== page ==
David Letterman, Uber, Twitter: Broadsheet May 16

• Twitter takes on trolls. Twitter is experimenting with a new way to curb abusive comments: featuring suspected trolls less prominently on the site. The goal, says Fortune‘s Jonathan Vanian, is to “proactively remove potentially abusive or unbecoming tweets before people react to them and report them to the company.” In early testing, the new approach reduced abusive content by 4-8%.

Equality=economic growth. The Nordic countries—which consistently rank as the happiest in the world—have grown considerably richer thanks to decades of policies designed to improve gender equality, according to a new OECD report. The region has added as much as 20% to economic growth per capita over the last 50 years, and additional women-friendly work policies could add up to 30% to economic growth rates by 2040.

• Follow-ons for female foundersWe all know by now how hard it is for women to raise venture capital, but Fortune alum Kia Kokalitcheva goes a step further, looking at how many all-female teams raise follow-on funding (spoiler: not many). “Only 39% of all-female founder teams raise follow-on funding for their startups, compared to 52% for all-male teams. Moreover, follow-on rounds for all-female teams comprise just 1.57% of all VC rounds since 2008.”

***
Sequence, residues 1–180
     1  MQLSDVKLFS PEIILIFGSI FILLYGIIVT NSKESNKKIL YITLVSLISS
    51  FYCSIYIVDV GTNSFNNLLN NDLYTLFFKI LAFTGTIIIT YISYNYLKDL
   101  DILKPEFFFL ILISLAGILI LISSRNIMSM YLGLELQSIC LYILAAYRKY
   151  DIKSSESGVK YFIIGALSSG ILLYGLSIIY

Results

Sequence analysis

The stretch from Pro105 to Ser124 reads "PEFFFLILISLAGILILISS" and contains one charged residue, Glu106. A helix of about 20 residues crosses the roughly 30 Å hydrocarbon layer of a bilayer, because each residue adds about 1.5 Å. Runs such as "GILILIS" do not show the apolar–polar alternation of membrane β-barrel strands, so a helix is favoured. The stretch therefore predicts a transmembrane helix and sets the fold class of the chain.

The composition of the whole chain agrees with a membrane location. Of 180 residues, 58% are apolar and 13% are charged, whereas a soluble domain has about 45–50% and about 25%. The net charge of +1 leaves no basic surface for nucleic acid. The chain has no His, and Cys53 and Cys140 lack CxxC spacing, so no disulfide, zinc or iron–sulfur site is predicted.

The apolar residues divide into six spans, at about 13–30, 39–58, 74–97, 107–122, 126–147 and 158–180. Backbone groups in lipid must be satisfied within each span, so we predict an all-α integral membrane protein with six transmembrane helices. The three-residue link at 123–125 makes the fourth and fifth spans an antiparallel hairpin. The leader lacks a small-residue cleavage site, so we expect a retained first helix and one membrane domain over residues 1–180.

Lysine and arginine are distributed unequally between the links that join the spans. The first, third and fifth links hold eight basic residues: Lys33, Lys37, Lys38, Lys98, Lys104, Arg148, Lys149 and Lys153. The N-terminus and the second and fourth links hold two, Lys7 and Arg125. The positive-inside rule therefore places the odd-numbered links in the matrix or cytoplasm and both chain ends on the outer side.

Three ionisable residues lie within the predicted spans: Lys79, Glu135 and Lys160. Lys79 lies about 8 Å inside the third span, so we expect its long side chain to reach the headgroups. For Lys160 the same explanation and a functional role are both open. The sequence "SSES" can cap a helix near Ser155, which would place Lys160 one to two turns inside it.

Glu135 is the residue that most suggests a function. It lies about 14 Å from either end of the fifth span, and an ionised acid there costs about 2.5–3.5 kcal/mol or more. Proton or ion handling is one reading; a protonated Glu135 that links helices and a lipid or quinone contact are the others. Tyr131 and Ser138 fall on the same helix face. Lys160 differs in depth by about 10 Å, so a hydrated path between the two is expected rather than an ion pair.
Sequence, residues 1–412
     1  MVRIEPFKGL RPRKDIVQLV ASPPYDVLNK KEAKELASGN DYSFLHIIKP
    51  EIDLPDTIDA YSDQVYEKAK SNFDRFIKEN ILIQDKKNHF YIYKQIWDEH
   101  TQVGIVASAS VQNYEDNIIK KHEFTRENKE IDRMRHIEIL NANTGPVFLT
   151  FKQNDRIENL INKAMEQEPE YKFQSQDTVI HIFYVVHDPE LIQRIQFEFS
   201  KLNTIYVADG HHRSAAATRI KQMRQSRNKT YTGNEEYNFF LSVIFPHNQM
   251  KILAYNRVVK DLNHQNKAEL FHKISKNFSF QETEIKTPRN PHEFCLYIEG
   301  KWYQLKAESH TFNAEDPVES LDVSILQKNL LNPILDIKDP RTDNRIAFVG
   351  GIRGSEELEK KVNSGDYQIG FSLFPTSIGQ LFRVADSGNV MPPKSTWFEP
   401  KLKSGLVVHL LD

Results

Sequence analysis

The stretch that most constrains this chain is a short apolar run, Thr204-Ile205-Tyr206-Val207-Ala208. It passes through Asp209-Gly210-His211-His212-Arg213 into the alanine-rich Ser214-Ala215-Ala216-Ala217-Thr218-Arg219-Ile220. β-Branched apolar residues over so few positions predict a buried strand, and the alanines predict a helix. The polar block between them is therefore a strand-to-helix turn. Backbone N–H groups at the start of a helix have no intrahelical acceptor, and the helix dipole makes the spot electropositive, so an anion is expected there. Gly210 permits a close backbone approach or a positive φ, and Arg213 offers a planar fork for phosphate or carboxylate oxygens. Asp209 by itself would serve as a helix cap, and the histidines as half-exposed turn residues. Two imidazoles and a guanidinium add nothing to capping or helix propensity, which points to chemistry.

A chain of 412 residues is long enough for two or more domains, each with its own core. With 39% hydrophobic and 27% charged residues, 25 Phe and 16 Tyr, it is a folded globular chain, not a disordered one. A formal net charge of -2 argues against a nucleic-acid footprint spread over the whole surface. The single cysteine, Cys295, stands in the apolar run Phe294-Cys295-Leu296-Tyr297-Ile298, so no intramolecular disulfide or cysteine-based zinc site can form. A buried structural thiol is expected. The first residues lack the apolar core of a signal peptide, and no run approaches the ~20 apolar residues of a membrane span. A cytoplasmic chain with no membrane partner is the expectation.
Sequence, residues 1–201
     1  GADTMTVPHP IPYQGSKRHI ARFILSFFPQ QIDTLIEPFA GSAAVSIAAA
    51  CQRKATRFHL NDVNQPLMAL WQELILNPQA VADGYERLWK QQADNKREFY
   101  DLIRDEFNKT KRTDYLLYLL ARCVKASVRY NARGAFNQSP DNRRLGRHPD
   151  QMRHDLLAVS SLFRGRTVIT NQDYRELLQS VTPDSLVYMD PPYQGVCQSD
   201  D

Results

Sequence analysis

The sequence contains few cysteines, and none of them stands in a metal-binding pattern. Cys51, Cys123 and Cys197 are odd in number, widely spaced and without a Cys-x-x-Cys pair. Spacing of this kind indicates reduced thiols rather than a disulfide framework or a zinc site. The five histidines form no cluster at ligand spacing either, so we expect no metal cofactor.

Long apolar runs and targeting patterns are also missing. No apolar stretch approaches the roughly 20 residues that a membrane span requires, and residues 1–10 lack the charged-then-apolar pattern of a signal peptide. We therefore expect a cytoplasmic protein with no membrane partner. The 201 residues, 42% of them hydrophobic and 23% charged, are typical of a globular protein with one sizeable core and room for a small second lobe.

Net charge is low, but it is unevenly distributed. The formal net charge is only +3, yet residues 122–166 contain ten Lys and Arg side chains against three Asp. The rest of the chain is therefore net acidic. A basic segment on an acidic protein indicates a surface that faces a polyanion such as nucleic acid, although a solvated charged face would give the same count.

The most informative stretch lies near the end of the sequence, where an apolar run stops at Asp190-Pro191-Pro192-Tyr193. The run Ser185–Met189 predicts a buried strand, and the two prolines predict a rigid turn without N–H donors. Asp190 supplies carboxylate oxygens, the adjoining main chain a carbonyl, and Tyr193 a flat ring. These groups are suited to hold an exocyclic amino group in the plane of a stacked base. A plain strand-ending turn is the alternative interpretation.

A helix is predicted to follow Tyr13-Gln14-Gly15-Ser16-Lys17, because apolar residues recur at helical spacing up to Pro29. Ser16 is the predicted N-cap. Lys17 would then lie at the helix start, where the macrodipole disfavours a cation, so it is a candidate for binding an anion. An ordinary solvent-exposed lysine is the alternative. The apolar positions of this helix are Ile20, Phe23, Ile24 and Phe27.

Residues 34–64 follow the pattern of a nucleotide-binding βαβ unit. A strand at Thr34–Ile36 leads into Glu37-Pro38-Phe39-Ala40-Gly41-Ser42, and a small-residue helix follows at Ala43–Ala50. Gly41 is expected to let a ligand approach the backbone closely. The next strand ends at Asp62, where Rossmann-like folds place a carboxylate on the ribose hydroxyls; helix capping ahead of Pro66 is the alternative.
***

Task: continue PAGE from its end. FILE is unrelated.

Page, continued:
• Rage against retail. Why is it that 13.4% of the EEOC’s sexual harassment claims—the second highest percentage after the accommodation and food services industry—are made by retail workers? “Experts link the high rate of sexual harassment in retail to the particular vulnerability of its workforce, its low wages, and a hazy, complicated, and sometimes ineffective complaint process following an incident.”

MOVERS AND SHAKERS:  Isabelle Ealet, co-head of Goldman Sachs’ securities unit, is leaving the bank next month. Prominent biotech investors Dr. Beth Seidenberg is stepping down from her day-to-day role at Kleiner Perkins Caufield & Byers. She is raising money to start her own firm to focus on biotech and health investing. Sarah Guo has been promoted to general partner at Greylock, making her both the youngest and only female investor with the title. Sarah McConville has been named SVP and Group Publisher of Harvard Business Review.

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